Home  »  Volume IX: English FROM STEELE AND ADDISON TO POPE AND SWIFT  »  § 17. John Stevens and his Services to English knowledge of Spanish Literature

The Cambridge History of English and American Literature in 18 Volumes (1907–21).
Volume IX. From Steele and Addison to Pope and Swift.

X. Writers of Burlesque and Translators

§ 17. John Stevens and his Services to English knowledge of Spanish Literature

The most industrious and by no means the least distinguished of the translators of his time was captain John Stevens. Who and what he was we know not. There is no record of him or his achievements, save on the title-pages of his many books. There is no doubt that he did a signal service to English letters. It was through his skill and learning that the history of Spain and Spanish literature was made known to his countrymen. His mere industry appals us. He translated nothing save the works of Spaniards, and he accommodated his style to the style of his originals with a variety which no other of his contemporaries could match. Where a light and easy manner was required, as by Quevedo, he knew how to give it, and, when he brought Mariana’s History of Spain “to speak English,” as he said, under the auspices of the earl of Dorset, to whom it is dedicated, he did it with a dignity and eloquence which befit the Muse of history. The one cause of complaint which we have against him is that he could not keep away from Shelton’s Don Quixote, which he “revised and corrected” with a lavish hand. Nor does his excuse better his ill-doing. He declares in a dedication that Cervantes’s “successful masterpiece has not prov’d happy in its translators, for though it has been made English twice the versions have neither time been proportionable to the Beauty of the Original.” As to Shelton’s work, he pronounces it “almost a literal version,” and then complains that it is “in such unpolish’d language, and with so many Mistakes, that there seem’d to be nothing left but the outlines and rough Draught of this curious piece.” So Stevens took Shelton’s masterpiece and amended it, bringing it, it is true, far nearer to the original, and robbing it of what is of far higher worth than accuracy, its style and character.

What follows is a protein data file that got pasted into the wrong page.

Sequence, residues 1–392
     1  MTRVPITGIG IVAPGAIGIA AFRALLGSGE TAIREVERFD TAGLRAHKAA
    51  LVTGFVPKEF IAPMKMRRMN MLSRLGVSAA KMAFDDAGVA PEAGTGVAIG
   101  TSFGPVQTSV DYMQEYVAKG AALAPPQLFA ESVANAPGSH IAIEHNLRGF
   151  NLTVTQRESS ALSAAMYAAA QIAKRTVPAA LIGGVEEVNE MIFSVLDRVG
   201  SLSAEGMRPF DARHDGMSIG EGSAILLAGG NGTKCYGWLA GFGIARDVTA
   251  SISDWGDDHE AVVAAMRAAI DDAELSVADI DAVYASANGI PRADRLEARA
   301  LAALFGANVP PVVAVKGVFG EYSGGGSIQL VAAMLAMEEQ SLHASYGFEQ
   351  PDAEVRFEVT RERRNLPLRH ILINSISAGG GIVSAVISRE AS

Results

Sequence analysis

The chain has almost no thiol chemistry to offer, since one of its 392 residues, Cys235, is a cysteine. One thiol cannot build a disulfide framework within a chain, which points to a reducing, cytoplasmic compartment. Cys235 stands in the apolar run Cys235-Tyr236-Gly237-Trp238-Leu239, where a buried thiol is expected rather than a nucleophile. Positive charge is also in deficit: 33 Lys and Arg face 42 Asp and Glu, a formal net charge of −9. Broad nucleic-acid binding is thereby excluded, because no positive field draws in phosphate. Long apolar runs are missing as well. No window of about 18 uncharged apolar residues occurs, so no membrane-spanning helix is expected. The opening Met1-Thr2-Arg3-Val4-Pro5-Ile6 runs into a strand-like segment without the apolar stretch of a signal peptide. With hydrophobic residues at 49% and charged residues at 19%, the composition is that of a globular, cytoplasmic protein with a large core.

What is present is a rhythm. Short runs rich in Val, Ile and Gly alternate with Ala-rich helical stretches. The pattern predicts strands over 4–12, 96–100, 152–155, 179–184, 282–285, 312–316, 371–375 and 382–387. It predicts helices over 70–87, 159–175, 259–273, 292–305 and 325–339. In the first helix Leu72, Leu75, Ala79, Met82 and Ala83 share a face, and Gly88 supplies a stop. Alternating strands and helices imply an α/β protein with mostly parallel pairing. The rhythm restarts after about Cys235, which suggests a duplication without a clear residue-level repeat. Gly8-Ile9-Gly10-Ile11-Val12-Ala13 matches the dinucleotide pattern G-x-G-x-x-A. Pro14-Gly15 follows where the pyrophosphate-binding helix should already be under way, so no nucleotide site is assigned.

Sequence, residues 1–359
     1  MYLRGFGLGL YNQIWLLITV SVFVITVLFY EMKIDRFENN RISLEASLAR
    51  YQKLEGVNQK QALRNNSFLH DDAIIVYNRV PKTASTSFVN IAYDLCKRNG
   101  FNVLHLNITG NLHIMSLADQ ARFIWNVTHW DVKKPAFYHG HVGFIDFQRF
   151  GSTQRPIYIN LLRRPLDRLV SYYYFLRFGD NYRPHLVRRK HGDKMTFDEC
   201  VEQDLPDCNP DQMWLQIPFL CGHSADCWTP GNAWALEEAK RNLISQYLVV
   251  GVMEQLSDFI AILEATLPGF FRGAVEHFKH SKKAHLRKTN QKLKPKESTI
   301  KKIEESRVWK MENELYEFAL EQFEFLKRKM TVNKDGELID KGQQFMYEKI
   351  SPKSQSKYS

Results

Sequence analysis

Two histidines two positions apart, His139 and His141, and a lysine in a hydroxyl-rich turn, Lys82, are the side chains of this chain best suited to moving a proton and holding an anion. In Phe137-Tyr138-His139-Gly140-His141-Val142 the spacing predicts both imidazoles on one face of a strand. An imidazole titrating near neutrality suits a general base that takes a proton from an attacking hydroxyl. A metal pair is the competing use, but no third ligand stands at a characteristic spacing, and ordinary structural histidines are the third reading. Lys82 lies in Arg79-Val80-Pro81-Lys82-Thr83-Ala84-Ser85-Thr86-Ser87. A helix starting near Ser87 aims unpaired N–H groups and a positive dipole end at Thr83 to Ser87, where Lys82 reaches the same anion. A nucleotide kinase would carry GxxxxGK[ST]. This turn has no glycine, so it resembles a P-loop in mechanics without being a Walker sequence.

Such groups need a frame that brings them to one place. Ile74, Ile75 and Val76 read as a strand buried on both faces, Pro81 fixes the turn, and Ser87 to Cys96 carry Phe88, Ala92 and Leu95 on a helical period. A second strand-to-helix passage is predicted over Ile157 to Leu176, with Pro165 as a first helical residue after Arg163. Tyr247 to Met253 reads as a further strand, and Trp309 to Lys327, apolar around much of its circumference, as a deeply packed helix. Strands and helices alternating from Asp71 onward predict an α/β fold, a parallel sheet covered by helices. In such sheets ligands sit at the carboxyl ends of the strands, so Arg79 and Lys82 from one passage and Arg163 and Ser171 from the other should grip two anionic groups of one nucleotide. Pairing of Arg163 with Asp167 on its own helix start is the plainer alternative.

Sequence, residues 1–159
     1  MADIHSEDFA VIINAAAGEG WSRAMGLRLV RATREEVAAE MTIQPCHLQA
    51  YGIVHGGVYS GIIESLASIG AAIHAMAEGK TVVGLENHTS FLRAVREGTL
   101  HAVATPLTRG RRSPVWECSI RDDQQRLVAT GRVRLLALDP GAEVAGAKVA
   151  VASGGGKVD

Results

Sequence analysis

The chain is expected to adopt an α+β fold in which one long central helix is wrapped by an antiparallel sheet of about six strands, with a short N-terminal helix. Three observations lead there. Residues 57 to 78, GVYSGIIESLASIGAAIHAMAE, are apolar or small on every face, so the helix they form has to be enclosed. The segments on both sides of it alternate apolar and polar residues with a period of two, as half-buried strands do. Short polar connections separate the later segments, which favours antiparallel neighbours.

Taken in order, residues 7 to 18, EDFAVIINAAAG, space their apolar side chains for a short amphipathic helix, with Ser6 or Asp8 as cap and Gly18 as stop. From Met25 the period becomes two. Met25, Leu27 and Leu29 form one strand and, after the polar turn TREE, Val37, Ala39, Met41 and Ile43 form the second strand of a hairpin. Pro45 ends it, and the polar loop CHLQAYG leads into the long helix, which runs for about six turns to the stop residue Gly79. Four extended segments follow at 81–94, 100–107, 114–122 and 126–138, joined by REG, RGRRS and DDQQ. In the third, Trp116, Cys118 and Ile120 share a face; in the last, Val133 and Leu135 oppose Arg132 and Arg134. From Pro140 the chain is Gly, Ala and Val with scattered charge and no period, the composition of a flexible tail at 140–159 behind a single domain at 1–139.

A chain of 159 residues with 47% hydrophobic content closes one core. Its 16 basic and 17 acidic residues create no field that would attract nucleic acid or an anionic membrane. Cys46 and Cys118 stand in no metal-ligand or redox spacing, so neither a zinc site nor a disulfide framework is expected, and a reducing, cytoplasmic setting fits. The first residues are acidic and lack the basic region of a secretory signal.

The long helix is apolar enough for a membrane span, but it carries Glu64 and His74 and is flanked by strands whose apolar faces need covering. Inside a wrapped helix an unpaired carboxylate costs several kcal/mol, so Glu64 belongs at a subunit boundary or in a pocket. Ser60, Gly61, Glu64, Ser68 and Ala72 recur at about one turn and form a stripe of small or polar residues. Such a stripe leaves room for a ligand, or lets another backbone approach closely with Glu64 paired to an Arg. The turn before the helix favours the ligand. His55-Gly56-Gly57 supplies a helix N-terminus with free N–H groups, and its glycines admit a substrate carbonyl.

For the rest, Stevens touched nothing that he did not embellish. Though he did not disdain romance, though we owe to his pen Pablo de Segovia, the Spanish Sharper, and a collection of novels, with the title The Spanish Libertines, his preference, or the preference of his readers, was for history and travel. Sandoval’s History of Charles V followed The Spanish Rule of Trade to the West Indies, written by Don Joseph de Veitia Linage. He took his share in the English of a series of voyages, published in monthly parts, thus making a link between the old method of publishing and the practice of to-day. So far as we know, he was a translator and a translator only. He seems to have played no part in the life of his time. His dedications, couched in the terms of the loftiest flattery, afford us little clue to his career. Perhaps, as he inscribes his translation of The Portuguese Asia, with humble adulation, to Catherine, queen dowager of England, he may have professed the Catholic faith. But, by his works we know him, and by his works alone, and they tell us that he did the journey-work of translation with a sounder scholarship and with a more various style than any of the men of letters, his contemporaries, could boast.